Sufism came into Morocco when Islam entered Maghreb. The Sufi teachings were indivisible as Moroccans are Muslims and Sufi are part of themselves. The popularity of Sufism emergence begins with representations through education which are taught by Sufi Sheikhs who have experienced realization of the soul and share it with their students. Sufi education mushrooming at the end of 6th century and among the trend setter are Sheikh Mohammed Ibn Abdelkrim who is famous as Sufi Ibn Al Kattani, and the Great Sheikh Muhi Al-Din Ibn Arabi Al-Hatami, who settled in Morocco for a period, as well as Sheikh Abu Al-Hassan al-Harali, who is a great Sufi interpreter of the Quran, and Sheikh Abu Ya’za Yellnour, and Sheikh Ali Ibn Harzam…. and others who have made Morocco a country of Sufi saints. It can be said that Sufism settled an educational system with Sheikh Abdesalam Ibn Mishish and his students such as Sheikh Abu Al-Hassan Al-Shadli. Then, it became mature with Sheikh Abu Sulayman Al-Jazuli, who is the founder of the first Zawya and the first Sufi Order.
In Morocco Sufism received the blessing of the King Mohammed VI with his royal tradition seeks to support mausoleums and Sufi shrines as the King believed that religious tolerance, moderation and harmony are omnipresent in Sufi life.
This tour is specially crafted for those who wanted to seek a closer relationship with Allah through inner purification and introspection. Guests can meditate and recitation of dhkir to received guidance from their spiritual leaders or “murshid”. As we go on this beautiful journey, seekers, may delved deeply into living in perfection with body and soul through contemplation and prayers.
By the daily remembrance of God in the dhikr and the different forms of meditation during this tour as we journey from one spiritual zaouia to another strengthen the conscious feeling of closeness to God and the charity for the other.
His full name was Abou Yaacoub Ben Ali Assenhaji. He was born in Marrakesh and never left it all his life. He was nicknamed “Moul L Ghar”, or the “Cave Man”. When he was still young, he was afflicted with leprosy and would lose parts of his body, causing people flee from him in fear of contracting the disease. His family, on the other hand, expelled him out of fear of the virus. Afterwards, he went to live in a cave in a deserted place near Marrakesh.
Locals expected him to die any moment, but Sidi Youssef Ben Ali surprised them all and survived for a long time. People started talking about his power to resist hunger and disease, and they began visiting him in the cave to receive guidance and help them solve their problems. Sidi Youssef Ben Ali died in 1196 and is buried in Bab Aghmat, near the cave.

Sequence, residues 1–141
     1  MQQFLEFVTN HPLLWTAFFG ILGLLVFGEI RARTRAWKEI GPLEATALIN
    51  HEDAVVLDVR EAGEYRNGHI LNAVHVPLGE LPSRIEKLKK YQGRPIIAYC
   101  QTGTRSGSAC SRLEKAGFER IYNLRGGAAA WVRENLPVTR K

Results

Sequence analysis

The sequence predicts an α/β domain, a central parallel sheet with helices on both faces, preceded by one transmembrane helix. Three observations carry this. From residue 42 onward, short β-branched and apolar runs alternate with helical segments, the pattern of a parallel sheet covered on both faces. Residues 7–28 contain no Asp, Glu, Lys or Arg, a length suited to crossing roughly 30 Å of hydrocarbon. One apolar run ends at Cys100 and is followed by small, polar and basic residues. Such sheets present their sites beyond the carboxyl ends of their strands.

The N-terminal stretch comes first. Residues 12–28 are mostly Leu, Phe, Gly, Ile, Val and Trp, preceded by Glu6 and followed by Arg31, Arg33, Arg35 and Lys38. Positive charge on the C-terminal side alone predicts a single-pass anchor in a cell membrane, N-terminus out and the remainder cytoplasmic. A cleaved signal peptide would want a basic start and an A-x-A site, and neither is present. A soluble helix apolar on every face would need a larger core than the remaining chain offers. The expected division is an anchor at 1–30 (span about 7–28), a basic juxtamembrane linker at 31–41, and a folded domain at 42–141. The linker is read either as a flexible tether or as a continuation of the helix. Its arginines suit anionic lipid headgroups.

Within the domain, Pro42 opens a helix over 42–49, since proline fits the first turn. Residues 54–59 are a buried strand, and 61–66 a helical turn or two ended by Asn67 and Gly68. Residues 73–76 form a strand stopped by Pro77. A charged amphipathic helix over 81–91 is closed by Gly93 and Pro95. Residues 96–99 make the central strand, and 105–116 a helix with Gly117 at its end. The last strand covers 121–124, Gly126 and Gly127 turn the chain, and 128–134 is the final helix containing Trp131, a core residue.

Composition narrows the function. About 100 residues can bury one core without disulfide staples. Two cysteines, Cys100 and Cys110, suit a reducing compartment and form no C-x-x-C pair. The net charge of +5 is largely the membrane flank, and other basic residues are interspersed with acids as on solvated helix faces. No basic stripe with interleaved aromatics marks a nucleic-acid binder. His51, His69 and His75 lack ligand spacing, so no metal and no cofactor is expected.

Born in Ceuta in 1129, Belabbas Ahmed Sebti is the most important of the Seven Saints, and is sometimes referred to as the Patron Saint of Marrakech. It’s been said that his father died when he was still a teenager, and then his mother sent him to work. However, his obsession with his studies prompted him to occasionally escape his work in order to attend the classes of Sheikh Abi Abdellah Mohamed Lfakhar in the mosque. His mother, on the other hand, kept punishing him and sending him back to work, until the Sheikh intervened and suggested giving his mother money in order to let her child study. Sidi Bel Abbas was a great patron of the poor and particularly the blind in the twelfth century. Even today, food for the poor is distributed regularly at his tomb. He died in 1204 and is buried in Marrakesh. The biggest and most busy of all.
Abu Abdullah Muhammad al Jazuli was born in a village called Jazoula in Sous Massa Daraa in the 15th century. Nobody knows the exact year of his birth. Historians say he descended from Ali Ibno Abi Talib.
Imam al-Jazouli is better remembered as a character of legend rather than a real human being. “Imam al-Jazuli”, was a Moroccan Sufi leader of the Berber tribe of the Jazulah. He is best known for compiling the Dala’il al-Khayrat, an extremely popular Muslim prayer book. The book is divided into 7 sections for each day of the week.
In June 1465, he collapsed and died while performing his Subh prayer. Because of the suddenness of his death, it was rumored that he was poisoned. His body was buried near Essaouira. Seventy-seven years after his death, his body was exhumed to be transferred to Marrakech.
Sidi Abd El Aziz was a fifteenth century theologian. His mausoleum is very near to Rue Baroudiyine. He was born in Marrakesh, and was illiterate during his youth. However, he later made a name for himself in Fez at the Medersat el Attarine, where he was the spiritual successor of Imam el Jazouli. He died in 1508 and was buried in Marrakesh. It is a local tradition for women to visit his grave, drawn to the idea that he can heal their fertility and facilitate childbirth.
Sidi Abdullah Ghazouani was born and grew up in Fez. He was a follower of Sidi Abdel Aziz. He died in 1528 in Marrakesh and was buried there.
|Number of pax
|Tour Price Per Pax 4 Stars
|Tour Price Per Pax 5 Stars
✅ Private Tourisme Registered vehicles with English speaking driver
✅ 11 nights of accommodation with double sharing & 1 night Luxury Private Sahara Desert Camp
✅ 12 hotel breakfasts, 11 local lunches and 12 local or hotel dinners as per itinerary
Hotel breakfast and dinner are usually buffet. Hotel dinner do not include water or any other drinks. Traditional accommodation will be ala carte traditional Moroccan food. Local lunch is normally set meal with soup/salad + main dish + water/mint tea.
✅ 1 small bottle of mineral water/person/day
✅ Entrance Tickets :-
✅ Local city guide for Fes, Marrakech & Tangier
✅ Tipping for driver
✅ Porter service at hotel or riad
❌ Flight ticket
❌ Visa (if applicable)
❌ Other tipping
❌ Personal expenses
❌ Drinks beside what is provided during meals
❌ Travel insurance
❌ Sight-seeing, programs and activities outside this itinerary
❌ Medical expenses